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Author Topic: How to improve the design  (Read 6380 times)
Rumi
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« on: December 31, 2006, 12:17:34 AM »

This is mainly a question for Drewid and others who have already completed their DIY Cintiq, but we can all benefit from the answers.

The question is, looking at your home-made Cintiq, how would you improve it? What are the things you would change in the next revision?
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Clint
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« Reply #1 on: December 31, 2006, 02:30:54 AM »

Make it thinner, lighter, cooler, and maybe brighter..
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MrSlippy
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« Reply #2 on: December 31, 2006, 02:33:33 AM »

rip out the inverter, reduce the draw distance from tablet to pen (only kidding about the first one, altho i wish i could, LOL)
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Drewid
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« Reply #3 on: December 31, 2006, 11:23:29 AM »

LEDs so less heat.
move the screen, leaving a bigger patch of non-screen tablet to map to my other monitor.
Everything running off one power supply.
USB tablet would be nice.
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Rumi
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« Reply #4 on: December 31, 2006, 11:53:11 PM »

Thanks guys, some good pointers there.

A couple of questions... why is it getting hot? Is it the backlight CCT that's heating up? Why does it get hotter than a normal LCD monitor? (is it because the wacom board is flush next to it and cutting off ventillation?)

Also making it thinner was mentioned.... It would be an interesting experiment to put the wacom board ontop of the working LCD, and see if there is still interference from the high voltage circuits. If there is then we would be wasting time trying to find a mm here and a mm there, and would be better off putting our efforts into relocating the high voltage circuits.

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Drewid
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« Reply #5 on: January 01, 2007, 02:59:53 PM »

The inverter and the lamps both get hot.   I ran it for a while with no fan, so I don't think it's really such a problem, just me being paranoid.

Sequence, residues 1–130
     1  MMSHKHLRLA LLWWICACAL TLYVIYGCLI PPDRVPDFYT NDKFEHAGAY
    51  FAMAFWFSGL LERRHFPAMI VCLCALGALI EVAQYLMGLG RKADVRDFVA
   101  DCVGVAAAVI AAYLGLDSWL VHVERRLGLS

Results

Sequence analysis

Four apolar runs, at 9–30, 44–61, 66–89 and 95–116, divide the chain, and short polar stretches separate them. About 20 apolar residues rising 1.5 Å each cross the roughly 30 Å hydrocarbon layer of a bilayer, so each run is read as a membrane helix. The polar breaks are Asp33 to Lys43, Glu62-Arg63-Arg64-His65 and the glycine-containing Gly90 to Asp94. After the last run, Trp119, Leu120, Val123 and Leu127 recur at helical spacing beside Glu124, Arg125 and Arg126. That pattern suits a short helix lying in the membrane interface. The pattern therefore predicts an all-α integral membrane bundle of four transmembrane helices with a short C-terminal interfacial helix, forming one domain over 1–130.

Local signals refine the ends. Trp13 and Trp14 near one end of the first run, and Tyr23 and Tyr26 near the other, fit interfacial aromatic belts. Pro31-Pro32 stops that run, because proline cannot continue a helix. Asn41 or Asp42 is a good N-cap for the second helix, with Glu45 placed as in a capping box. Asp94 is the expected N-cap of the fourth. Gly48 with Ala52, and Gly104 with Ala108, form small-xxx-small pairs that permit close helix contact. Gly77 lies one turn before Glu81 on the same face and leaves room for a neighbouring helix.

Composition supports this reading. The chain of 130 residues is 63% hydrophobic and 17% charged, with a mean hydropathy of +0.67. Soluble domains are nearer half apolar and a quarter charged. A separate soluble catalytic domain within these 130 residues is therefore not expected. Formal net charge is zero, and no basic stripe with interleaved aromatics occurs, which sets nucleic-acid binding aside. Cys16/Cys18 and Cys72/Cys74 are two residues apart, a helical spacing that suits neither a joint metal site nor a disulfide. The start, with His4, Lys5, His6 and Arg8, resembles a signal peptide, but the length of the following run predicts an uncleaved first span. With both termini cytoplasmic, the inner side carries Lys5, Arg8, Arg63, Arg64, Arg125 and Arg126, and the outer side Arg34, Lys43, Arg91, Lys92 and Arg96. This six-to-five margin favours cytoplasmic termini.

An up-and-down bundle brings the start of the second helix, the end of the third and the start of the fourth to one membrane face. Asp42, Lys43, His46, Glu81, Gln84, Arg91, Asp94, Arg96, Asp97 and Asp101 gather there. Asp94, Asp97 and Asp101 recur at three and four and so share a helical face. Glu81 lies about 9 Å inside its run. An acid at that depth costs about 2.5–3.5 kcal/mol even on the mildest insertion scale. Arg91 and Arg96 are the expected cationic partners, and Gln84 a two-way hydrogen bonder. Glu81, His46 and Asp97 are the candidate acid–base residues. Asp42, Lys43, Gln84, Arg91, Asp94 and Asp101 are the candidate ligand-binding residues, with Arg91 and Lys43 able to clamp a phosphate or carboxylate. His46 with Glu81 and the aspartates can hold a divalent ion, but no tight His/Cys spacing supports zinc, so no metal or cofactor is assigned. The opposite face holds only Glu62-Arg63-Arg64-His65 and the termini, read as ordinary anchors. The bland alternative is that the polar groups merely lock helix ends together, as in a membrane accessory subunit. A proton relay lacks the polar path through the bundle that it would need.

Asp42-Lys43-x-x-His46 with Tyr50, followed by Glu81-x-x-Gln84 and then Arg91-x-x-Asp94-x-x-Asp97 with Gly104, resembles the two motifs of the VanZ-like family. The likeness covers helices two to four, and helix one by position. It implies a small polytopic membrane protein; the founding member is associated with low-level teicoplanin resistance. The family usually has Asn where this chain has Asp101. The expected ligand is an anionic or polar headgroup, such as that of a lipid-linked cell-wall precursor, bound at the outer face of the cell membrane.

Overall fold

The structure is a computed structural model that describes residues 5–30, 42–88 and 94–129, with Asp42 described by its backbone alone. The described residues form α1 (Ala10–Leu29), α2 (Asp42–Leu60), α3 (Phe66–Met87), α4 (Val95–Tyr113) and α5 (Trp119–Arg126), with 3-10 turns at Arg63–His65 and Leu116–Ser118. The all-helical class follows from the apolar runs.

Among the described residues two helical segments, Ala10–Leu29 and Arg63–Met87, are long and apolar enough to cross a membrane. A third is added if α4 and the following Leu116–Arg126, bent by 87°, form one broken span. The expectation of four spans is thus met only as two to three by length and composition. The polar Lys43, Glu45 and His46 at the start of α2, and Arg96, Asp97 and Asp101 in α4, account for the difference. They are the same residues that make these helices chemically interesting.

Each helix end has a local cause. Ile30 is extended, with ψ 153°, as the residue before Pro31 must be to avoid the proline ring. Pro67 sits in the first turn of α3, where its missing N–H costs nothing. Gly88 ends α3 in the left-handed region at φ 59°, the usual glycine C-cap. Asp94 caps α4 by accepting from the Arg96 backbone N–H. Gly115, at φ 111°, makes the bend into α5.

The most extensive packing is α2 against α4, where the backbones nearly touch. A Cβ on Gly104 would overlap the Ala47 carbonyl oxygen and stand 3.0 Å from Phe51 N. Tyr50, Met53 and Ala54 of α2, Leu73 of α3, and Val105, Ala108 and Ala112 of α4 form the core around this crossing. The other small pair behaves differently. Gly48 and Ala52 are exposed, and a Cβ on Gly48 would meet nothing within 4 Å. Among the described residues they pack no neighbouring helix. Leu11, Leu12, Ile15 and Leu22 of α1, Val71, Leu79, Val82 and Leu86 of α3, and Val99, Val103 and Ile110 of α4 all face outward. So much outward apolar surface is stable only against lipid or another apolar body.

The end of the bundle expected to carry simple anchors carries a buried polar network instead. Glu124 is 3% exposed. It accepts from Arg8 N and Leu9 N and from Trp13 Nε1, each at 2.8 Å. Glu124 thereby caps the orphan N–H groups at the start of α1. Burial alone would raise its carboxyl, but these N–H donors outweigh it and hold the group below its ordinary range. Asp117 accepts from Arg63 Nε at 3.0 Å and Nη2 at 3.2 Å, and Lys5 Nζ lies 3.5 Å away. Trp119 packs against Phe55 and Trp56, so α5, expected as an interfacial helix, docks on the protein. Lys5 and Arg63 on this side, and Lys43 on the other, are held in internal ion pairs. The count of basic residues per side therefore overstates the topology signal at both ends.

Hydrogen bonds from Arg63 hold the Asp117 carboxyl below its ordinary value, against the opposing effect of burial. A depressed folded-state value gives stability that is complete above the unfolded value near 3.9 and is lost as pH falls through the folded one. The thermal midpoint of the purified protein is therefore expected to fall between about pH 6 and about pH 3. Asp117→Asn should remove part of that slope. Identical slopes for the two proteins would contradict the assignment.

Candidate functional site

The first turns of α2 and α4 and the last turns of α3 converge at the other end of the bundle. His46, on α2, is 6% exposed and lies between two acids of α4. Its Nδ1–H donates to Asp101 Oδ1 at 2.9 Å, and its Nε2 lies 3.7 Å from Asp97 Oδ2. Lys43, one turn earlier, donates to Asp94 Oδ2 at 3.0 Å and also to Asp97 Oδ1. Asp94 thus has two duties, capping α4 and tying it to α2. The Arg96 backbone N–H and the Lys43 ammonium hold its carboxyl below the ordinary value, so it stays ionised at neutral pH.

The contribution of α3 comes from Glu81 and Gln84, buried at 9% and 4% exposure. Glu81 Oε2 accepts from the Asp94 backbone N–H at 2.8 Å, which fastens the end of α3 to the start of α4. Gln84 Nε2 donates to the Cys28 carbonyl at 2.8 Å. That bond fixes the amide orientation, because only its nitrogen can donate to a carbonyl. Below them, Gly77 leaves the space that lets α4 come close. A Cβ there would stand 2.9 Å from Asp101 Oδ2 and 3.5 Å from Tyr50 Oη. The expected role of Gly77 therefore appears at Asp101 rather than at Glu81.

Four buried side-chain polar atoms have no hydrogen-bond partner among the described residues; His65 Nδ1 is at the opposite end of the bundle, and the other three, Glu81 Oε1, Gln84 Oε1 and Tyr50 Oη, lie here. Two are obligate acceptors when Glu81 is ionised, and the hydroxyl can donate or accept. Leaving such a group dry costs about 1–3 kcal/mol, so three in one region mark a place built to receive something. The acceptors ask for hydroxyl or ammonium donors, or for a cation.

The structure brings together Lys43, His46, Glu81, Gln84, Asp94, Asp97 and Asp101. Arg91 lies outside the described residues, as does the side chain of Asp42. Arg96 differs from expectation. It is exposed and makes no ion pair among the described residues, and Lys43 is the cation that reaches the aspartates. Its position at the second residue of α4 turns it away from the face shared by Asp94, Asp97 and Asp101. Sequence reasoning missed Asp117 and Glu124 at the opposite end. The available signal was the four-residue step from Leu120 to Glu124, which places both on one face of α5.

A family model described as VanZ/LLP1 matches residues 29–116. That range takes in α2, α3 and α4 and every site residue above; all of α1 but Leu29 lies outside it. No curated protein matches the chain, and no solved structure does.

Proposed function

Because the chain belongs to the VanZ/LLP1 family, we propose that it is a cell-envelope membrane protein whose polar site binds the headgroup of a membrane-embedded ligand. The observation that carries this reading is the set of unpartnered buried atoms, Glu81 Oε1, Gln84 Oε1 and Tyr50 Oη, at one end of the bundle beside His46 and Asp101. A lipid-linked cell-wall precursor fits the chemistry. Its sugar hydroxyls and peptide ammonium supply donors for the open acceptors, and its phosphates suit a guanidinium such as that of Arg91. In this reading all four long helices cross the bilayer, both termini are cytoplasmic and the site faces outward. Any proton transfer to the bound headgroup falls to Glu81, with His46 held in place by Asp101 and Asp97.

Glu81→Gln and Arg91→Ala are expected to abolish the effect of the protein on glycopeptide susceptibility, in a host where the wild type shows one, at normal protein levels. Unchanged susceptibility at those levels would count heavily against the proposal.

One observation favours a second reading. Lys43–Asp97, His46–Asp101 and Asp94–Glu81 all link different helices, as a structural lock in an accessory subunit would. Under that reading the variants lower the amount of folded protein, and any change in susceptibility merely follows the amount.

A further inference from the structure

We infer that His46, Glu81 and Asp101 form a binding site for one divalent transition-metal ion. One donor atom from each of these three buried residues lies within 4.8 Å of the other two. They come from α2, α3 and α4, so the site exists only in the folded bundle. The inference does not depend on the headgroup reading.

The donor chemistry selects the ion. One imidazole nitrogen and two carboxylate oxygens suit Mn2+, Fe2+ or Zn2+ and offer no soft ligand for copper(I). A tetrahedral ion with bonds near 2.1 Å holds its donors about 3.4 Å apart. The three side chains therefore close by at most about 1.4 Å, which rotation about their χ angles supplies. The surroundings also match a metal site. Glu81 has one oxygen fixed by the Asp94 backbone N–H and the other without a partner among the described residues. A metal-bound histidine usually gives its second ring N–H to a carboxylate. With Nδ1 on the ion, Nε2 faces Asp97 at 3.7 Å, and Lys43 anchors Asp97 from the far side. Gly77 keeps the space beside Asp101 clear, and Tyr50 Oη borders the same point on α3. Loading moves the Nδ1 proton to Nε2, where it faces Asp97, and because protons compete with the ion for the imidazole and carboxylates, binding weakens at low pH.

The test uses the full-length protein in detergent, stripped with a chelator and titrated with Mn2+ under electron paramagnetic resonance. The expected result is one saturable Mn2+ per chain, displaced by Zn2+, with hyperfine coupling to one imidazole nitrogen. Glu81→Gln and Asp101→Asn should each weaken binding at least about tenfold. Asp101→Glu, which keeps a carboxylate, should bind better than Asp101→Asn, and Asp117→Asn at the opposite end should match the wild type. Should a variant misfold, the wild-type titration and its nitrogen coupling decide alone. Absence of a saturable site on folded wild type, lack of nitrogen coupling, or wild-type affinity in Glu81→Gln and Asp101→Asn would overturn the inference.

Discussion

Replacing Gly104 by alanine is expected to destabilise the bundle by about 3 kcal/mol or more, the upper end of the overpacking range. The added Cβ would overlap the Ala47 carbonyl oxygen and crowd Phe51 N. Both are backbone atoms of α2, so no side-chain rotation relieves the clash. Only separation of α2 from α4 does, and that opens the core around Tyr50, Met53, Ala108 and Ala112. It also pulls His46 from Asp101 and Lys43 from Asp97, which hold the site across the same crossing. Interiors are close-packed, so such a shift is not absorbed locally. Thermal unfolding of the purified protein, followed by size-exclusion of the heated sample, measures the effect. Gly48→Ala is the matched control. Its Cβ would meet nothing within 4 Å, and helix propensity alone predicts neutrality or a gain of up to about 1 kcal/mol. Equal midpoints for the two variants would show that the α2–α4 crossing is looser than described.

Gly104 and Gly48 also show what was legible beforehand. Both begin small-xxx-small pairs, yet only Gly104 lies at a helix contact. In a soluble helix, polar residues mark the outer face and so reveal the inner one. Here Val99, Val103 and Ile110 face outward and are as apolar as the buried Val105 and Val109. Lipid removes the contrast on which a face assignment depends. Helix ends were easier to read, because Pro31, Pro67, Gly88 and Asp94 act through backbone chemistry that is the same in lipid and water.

Monitors tend to be pretty well ventilated, except for laptops which get away with it somehow.

The whole high voltage interference thing really has me puzzled, seeing as mine doesn't suffer from it.  The known differences are:
My inverter is under the sensor shielding, which is earthed/grounded through the Wacom interface board.
The bolts holding the interver in place go though holes previously used to earth it, and one of those contacts the shield as well.

Other differences may be frequencies or particular voltages involved.



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DaBotz
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« Reply #6 on: November 26, 2014, 01:00:21 PM »

It depends... my first build, was good for what I needed at the time. Gloomy colours and bad sight angles were its main issues.

Also, when I started it, I had no idea I would have ended adding so many short-cut keys and auxiliary wheels, so they got all somewhat bad spaced in the end.

I could have rebuilt the case, to integrate all, but I decided to go for a bigger build, with a better screen.

The same ancillary commands issue resurfaced with the second build, though...

The best place for auxiliary switches is really just on the side of the drawing area, where the Intuos have it.

I avoided that, for issues of space and because I really wanted to use an integral glass over it, so that the whole thing was sturdier an quite easy to clean.

I may be able to solve that, in the future, either by using a flimsy membrane switch keypad (easy to do) or capacitive touch buttons (not so easy, damn).

On the other hand, some problems in my use of my builds are not inherent to the build.

To put it simply, I realize I should have really bought a chair with arm-rests....
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freolm
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« Reply #7 on: April 14, 2015, 01:27:10 PM »

Make it thinner, lighter, cooler, and maybe brighter..


Good advice +1
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